Production of “Teenage Mutant Ninja Turtles” Gives a Kick to NY Economy

August 8, 2014

When Leonardo, Donatello, Raphael and Michelangelo introduce a new generation of movie-goers to the adventures of these “heroes in a half-shell” this weekend, they won’t just be protecting New Yorkers from Shredder’s plans – they’re helping provide an enormous boost to New York’s economy.

For over 70 days, Paramount Pictures and Nickelodeon Movies’ production of “Teenage Mutant Ninja Turtles” filmed throughout the state’s various geographic areas – from the skyscrapers of downtown Manhattan, to a climactic and breathtaking action sequence that took place in the Adirondack Mountains – all while spending upwards of $55 million on salaries, state taxes and local goods and services. No matter where the production went it generated a host of jobs for caterers, car rentals, hardware suppliers and all kinds of other local businesses.  All told, 1,500 New York residents worked more than 12,000 man-days to bring this latest installment in the “Teenage Mutant Ninja Turtles” franchise to life – a franchise that is as synonymous with New York as the pizza these characters love to eat.

But this film is only one of the many examples of the economic benefits that film and TV productions bring to states like New York. According to the latest economic impact numbers, New York’s film and TV industry supports over 94,000 jobs throughout the state, paying more than $9.4 billion in direct wages. 2013 alone saw 159 separate movies and 121 TV series filmed throughout the state. And the reason that so many productions want to go there is because the state’s tax incentive program makes it one of the top places in the country to film.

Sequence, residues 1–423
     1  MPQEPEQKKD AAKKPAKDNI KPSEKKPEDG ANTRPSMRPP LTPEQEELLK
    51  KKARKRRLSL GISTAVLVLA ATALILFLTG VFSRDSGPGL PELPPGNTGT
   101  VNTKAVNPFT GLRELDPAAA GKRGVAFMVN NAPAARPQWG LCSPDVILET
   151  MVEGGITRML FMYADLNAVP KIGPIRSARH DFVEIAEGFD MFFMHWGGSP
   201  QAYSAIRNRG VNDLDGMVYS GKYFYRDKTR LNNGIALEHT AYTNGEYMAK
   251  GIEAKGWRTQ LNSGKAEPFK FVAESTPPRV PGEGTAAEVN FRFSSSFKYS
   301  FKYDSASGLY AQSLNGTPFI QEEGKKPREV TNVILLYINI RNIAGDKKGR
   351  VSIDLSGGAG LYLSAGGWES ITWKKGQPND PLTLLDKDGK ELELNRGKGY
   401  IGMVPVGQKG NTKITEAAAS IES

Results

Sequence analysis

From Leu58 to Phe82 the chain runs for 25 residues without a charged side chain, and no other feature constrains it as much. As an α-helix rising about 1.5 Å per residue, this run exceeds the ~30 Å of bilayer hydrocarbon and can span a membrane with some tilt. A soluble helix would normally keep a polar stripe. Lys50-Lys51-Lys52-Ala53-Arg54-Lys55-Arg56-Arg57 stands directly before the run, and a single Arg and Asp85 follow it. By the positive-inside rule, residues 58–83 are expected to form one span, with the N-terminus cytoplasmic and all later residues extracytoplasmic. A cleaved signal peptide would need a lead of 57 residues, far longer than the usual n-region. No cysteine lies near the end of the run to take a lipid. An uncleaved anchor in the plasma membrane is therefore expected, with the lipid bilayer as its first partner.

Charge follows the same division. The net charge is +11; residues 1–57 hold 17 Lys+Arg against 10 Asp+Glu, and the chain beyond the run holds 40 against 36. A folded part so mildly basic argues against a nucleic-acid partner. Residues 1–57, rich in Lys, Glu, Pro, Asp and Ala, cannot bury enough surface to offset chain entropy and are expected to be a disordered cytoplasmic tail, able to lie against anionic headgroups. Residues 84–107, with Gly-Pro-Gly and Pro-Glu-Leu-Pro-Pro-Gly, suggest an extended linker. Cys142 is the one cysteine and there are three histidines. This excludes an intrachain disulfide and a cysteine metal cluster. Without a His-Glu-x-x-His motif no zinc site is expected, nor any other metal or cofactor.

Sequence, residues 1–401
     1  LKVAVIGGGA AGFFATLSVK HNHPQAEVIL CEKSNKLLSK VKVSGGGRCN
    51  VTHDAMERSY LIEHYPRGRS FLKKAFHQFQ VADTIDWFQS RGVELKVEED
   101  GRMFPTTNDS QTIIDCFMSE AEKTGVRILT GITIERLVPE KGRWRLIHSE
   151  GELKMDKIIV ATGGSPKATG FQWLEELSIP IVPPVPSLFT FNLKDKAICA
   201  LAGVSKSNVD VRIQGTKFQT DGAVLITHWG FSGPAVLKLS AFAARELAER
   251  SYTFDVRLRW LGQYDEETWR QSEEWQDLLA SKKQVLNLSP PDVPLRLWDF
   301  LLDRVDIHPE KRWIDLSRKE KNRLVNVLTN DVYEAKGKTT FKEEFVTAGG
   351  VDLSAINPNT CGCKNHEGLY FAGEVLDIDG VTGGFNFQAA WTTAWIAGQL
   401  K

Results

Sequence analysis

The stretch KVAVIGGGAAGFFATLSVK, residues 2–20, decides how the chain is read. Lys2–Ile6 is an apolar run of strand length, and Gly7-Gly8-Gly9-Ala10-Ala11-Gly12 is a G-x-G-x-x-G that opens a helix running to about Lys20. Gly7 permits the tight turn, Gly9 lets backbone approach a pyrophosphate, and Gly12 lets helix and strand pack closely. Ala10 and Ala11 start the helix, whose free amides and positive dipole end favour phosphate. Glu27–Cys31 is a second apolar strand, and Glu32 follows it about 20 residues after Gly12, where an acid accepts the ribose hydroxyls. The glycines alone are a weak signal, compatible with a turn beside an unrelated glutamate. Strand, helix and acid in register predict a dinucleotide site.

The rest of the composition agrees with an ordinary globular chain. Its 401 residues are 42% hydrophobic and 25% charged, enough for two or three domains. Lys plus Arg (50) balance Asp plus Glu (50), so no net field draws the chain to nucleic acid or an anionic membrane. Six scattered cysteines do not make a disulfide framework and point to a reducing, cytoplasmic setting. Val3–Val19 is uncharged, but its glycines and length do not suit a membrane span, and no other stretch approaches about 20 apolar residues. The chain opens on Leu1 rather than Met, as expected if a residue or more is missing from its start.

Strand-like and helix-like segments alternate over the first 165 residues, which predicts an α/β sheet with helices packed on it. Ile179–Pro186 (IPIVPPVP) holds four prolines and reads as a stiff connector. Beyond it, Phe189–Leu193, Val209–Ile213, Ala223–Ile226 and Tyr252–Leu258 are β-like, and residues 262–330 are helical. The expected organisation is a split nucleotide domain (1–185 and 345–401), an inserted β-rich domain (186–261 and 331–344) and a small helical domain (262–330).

Film tax credits – which give filmmakers the opportunity to earn back a certain percentage of what they spend on qualifying productions – are the driving force behind many filming location decisions. New York’s tax credit program, for example, has leveraged an estimated $14 billion worth of direct spending since it was created in 2004.

The benefits of state film incentives, however, often extend far beyond the fostering of economic growth. Yesterday, Niagara Frontier Publications reported that actors and filmmakers from “Teenage Mutant Ninja Turtles” joined forces with New York State Parks Commissioner Rose Harvey to encourage kids to be active and fit at their local state parks this summer. In using “Teenage Mutant Ninja Turtles” to inspire New York youth to maintain a healthy lifestyle, the initiative illustrates even further the positive influences that filmmaking can have on communities.